He was utterly charming, humble and articulate – both when talking to me and when addressing a crowded room. He seemed nervous about giving a talk, grateful that people liked his book. He said he couldn’t believe its success, and wanted to go around writing ‘thank you’ in everyone’s copy. (He actually wrote it in mine!)

I too was nervous before the talk. Although I wasn’t even half-way through The Hare with Amber Eyes, I knew it was going to be one of the best books I had ever read. And I was going to meet its author. What if he were ghastly? What if he were really stuck-up and seemed like a real plonker? It would be so upsetting. It would detract from this magnificent book, and make me feel like a bit of an idiot for believing in it so strongly.

But he was wonderful. And the rest of the book was all the more wonderful for having met him.

So it was a very happy surprise when, having just arrived at Port Eliot, standing gormlessly near some tipis in a field with my fiancé, I saw Edmund de Waal. I said hello and immediately thought maybe I shouldn’t have. Oh god, I thought, how dreadful, I bet he doesn’t remember me at all. He thinks I’m someone who looks slightly familiar, who might be a friend of a friend of a friend or something. I introduced him to my fiancé, and then, to try and smooth over any awkwardness, reminded him that I’m Emily.

‘I know, I know.’ He said he remembered me from the bookshop. We chatted amiably about Port Eliot, how excited we were about going for a Wild Swim with Kate Rew, how pretty it all looked and how many interesting talks there would be. I asked him if there was a particular talk he was really excited about, and he said Diana Athill.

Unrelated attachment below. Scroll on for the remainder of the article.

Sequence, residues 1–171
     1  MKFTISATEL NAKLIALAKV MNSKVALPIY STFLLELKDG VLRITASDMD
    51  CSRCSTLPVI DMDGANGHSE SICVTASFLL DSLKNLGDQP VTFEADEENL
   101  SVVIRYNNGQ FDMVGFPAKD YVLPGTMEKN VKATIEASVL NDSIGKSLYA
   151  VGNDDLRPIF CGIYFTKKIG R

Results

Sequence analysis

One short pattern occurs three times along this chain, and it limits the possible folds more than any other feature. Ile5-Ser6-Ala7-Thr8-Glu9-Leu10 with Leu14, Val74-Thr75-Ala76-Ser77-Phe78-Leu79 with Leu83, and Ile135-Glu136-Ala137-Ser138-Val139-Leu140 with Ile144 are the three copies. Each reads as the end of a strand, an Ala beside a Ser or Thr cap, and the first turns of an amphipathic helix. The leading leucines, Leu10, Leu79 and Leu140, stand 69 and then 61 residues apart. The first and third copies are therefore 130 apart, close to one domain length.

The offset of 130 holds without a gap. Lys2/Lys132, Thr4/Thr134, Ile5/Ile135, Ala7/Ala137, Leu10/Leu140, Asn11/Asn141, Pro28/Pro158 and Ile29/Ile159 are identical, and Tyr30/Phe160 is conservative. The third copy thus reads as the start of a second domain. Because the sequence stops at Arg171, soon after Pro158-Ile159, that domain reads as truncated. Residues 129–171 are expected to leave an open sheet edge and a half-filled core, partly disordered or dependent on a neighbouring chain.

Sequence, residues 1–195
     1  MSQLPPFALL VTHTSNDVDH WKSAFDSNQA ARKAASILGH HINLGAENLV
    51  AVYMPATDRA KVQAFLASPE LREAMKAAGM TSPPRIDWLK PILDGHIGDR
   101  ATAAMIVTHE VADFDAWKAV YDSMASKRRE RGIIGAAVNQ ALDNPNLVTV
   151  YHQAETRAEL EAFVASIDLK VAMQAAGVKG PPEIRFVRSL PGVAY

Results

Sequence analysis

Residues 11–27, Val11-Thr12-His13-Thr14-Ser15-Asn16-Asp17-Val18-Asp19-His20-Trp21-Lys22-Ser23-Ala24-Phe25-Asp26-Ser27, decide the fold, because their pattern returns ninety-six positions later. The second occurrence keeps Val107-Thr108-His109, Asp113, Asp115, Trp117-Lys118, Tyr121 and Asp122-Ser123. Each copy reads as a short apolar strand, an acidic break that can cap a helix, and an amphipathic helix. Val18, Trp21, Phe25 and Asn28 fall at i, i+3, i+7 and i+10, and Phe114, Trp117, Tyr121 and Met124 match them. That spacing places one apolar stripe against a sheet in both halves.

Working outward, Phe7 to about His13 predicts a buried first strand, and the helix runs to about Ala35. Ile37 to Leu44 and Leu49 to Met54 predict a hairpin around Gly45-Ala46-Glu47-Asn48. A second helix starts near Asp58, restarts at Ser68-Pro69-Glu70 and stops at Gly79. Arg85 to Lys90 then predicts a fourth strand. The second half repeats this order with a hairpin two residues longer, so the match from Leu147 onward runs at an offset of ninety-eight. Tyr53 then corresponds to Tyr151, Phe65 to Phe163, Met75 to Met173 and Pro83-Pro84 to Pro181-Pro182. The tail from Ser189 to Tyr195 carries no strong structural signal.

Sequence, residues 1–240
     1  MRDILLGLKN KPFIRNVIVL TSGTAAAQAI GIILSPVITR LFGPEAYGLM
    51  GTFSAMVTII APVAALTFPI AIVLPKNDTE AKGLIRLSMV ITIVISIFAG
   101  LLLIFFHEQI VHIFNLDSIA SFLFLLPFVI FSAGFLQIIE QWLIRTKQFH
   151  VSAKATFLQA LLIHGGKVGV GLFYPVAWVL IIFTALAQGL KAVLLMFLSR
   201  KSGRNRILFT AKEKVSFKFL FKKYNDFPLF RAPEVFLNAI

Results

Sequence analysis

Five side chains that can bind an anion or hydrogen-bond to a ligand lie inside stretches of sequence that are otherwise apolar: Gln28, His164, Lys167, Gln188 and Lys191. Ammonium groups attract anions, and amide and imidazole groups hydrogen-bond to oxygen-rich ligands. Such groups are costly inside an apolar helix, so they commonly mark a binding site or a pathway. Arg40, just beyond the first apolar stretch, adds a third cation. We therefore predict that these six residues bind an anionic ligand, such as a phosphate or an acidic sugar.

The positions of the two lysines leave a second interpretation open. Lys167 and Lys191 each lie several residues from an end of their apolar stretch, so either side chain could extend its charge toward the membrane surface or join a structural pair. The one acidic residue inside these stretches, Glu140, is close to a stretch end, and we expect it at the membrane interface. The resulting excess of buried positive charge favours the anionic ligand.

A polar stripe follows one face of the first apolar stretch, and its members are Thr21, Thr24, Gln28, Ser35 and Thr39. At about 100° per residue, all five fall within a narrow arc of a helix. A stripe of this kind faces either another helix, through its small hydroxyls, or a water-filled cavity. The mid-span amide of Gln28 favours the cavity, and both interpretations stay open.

Anyway, off I trotted, pleased as punch that he – my HERO (although I had not yet reached this epiphany) – knew who I was.

His talk, the following day, was brilliant. In fact it was almost better than the one at the bookshop. Edmund de Waal (I don’t think I can call him just Edmund) had told me, in our little chat outside the tipi, that he was going to be given various objects from the big stately home an hour before the talk, which he would then have to talk about. And he managed it with great aplomb. He talked about books and the touch of different grades of paper, and ceramics, and – of course – netsuke spontaneously and effervescently and the whole room was set alight.